Thin Lear

Thin Lear

After his debut full-length album as Thin Lear, NJ songwriter Matt Longo had begun workshopping songs for his next release when the birth of his first child opened spaces within his heart he did not previously know existed. Personally and artistically, he tried to reconcile his new life as a parent with his identity as a songwriter – one who often drew from an artistic well of melancholy, writing openly on topics like depression and yearning for lost loved ones. This pensive introspection was the backbone of records like 2020’s acclaimed Wooden Cave, which AllMusic raved was "on par with the albums that inspired it: Leonard Cohen's dark backroom soliloquies and the more bittersweet moments of [Harry] Nilsson's drifty pop.” On his new Matthew E. White (Bedouine, Natalie Prass, Dan Croll)-produced EP A Beach of Nightly Glory, Longo draws from an unexpected and expanded well of lyrical inspiration, creating his most captivating work to date.

In a frantic writing process both before and after welcoming his daughter, Longo felt a sense of urgency to express all his overwhelming new emotions, and to chronicle such a delicate point in the life of his young family. Brimming with wide-eyed love, self-doubt, and sleep-deprived delirium, he challenged himself to bring together the disparate parts of his identity in song: the hopeful first-time parent with the inward-looking and often anxious artist. Longo workshopped music with his baby on his chest each evening, which resulted in a hushed atmosphere for many of the songs, and the most gentle melodies he'd ever written. He finished around thirty tracks to sift through, and knew he needed musical collaborators who could help sonically define the emerging project, and create arrangements as intricate as the songs themselves.

Working with White, Longo recorded the EP over several weeks at Richmond, VA’s Spacebomb Studio, with celestial contributions from the Spacebomb House Band throughout. The recordings are the product of intense collaboration; each morning, they'd brew coffee as Longo would demo a new song, playing it through a few times so everyone could quietly find their place within it. Then they'd shape the music for hours until it felt right, pressing the record button in the evening. With sun up, an idea; with sun down, an emotion set to tape.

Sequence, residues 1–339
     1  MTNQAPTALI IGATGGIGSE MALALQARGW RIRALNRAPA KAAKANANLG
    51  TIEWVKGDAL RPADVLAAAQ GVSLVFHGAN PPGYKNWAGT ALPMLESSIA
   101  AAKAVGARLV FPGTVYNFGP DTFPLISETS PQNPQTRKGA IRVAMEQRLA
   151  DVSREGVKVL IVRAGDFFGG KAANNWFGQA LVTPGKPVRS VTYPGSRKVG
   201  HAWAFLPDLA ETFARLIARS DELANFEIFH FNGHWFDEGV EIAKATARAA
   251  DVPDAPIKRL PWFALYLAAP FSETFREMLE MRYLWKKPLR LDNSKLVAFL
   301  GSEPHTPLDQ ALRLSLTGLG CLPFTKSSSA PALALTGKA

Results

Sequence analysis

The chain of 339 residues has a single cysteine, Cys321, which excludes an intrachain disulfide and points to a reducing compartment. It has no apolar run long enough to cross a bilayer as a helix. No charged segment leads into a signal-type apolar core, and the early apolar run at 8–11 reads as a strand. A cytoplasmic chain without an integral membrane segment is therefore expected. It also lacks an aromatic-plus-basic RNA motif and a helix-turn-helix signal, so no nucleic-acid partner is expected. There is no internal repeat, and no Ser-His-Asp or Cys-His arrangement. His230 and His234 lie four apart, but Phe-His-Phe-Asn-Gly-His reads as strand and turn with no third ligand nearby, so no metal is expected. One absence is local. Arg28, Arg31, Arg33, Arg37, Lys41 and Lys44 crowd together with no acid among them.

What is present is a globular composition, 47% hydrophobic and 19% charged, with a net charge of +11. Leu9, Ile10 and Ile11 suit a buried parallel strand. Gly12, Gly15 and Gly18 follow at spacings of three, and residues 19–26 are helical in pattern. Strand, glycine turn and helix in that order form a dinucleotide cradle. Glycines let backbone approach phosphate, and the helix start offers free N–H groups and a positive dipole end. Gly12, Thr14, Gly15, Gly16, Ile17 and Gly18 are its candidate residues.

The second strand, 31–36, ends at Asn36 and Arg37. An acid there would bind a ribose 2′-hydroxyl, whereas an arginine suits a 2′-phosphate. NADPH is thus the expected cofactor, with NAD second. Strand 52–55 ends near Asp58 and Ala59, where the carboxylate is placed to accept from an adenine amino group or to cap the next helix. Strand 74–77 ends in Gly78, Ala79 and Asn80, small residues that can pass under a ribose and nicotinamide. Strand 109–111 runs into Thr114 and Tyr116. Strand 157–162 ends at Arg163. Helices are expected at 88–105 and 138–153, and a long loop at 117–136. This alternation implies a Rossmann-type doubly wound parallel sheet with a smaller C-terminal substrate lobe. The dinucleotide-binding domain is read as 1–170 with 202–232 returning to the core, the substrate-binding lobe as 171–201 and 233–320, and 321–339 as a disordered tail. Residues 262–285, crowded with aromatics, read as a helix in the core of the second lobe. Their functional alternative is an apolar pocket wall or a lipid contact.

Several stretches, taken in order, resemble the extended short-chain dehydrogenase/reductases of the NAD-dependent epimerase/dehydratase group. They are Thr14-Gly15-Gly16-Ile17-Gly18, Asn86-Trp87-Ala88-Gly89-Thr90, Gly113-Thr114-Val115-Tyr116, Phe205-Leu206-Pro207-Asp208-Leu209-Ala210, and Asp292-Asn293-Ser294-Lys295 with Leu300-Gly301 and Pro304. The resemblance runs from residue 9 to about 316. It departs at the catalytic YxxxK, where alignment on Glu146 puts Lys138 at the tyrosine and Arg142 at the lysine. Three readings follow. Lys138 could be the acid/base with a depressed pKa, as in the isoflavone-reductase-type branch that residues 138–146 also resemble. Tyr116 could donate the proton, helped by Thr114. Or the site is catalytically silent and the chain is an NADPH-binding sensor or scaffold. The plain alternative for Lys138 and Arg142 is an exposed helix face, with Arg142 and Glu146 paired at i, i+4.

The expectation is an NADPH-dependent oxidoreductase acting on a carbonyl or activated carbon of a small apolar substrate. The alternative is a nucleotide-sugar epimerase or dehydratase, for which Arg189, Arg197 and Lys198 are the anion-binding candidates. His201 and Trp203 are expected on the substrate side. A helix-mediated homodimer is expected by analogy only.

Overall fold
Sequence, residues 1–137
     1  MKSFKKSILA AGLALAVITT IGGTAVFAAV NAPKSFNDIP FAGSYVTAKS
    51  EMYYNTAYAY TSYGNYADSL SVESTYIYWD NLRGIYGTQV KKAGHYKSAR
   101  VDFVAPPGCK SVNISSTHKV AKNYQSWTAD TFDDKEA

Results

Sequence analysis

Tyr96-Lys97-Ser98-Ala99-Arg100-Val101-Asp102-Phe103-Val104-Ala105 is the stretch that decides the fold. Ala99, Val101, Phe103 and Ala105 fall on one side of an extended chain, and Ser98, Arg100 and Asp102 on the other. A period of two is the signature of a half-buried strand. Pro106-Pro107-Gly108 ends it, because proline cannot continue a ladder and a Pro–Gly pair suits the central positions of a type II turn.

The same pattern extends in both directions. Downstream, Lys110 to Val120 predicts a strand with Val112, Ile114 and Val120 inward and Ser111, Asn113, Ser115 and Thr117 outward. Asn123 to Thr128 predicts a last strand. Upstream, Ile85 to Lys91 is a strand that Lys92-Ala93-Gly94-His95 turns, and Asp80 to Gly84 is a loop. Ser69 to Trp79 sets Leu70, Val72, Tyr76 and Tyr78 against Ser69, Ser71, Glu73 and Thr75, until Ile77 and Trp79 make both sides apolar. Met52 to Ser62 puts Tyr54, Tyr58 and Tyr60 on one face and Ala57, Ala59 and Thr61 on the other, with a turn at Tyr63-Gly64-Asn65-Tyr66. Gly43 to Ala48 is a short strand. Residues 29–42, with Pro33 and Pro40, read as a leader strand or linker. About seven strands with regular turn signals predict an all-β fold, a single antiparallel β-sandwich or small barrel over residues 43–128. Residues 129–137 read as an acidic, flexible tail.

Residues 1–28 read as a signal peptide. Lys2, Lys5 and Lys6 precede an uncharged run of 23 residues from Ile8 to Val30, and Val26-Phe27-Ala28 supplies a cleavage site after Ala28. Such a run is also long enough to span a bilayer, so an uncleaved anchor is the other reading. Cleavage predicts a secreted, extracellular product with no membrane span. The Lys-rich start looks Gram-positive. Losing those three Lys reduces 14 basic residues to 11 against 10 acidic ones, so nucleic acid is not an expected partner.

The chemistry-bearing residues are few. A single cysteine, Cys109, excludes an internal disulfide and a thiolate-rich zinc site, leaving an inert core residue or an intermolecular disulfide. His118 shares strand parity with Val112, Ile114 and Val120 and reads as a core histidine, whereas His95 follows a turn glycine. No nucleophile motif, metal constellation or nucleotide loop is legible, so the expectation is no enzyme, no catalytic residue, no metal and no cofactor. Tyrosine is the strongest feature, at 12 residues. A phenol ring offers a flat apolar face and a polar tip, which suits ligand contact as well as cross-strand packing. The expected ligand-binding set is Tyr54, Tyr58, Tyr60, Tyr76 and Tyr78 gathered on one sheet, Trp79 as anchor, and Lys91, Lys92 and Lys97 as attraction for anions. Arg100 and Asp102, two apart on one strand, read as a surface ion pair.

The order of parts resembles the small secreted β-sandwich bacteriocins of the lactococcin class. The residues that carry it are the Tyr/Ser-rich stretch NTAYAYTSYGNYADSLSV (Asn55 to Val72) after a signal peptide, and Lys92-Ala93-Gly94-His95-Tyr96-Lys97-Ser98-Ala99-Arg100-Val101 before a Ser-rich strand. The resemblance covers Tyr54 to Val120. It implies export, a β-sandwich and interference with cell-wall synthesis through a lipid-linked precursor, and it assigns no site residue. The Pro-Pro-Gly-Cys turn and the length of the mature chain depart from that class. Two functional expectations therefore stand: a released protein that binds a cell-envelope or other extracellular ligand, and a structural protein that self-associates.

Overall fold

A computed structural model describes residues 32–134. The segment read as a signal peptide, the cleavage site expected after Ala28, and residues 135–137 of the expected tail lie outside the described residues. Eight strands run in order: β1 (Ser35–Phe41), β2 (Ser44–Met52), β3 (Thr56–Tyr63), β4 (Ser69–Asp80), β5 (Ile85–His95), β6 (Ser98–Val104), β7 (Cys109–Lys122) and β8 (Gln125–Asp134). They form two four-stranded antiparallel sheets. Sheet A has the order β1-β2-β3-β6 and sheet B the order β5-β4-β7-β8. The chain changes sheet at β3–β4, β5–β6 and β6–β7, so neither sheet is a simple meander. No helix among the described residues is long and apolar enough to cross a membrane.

Over only 5 songs, A Beach of Nightly Glory explores and encapsulates the delicacy of being human. Each track is its own story of profound love, grief, nostalgia, despair, or hope–but together they paint a rich, textured picture of life’s chaotic beauty, and our capacity to hold several different emotions, and even identities, at once. Longo wrote the stirring slow burn “Richard Out in Space” when he found out his partner was expecting. “I had a dream that night about a middle-aged man floating through space, broken off from some meteorite, and yearning to be part of a whole again. I woke up and thought this was symbolic of the worst case scenario for my parenting: that I'd be a distant, distracted presence in my family, but still long for their love at every moment,” he explains. “Thankfully, I believe I am a great father, and in fact, loving and caring for my daughter is the only thing in my life that has ever come naturally to me. But this song was 100% first-time parent anxiety.”

Warm and resonant standout “Overnighter” is about witnessing a loved one's struggle with depression, and feeling an overwhelming desire to be useful. “This song tries to verbalize a kind of ineptitude, a crushing self-doubt that can creep in when faced with true despondence from someone you'd give your life for,” Longo explains. “Being the keeper of the flame for hope and positivity can be a tough task if you're feeling like you've already lost them.” The mood shifts on “Bowie’s Ley Lines,” a driving and upbeat tune chronicling a bleary-eyed night of teenage euphoria on the beach: “With time passing, I wonder whether those gorgeous memories have any value at all beyond distraction,” says Longo. Over a steady drum beat, he sings: ‘What good is this memory that rips me from my day/To a beach of nightly glory/With cassettes of Hunky Dory.’ 

Ultimately the A Beach of Nightly Glory EP is music that reconciles and stands at the intersection of two lives: musician and father; an artist trying to live in the present, eye-to-eye with his brilliant new world, doing his best to shake himself free from the weight of the past.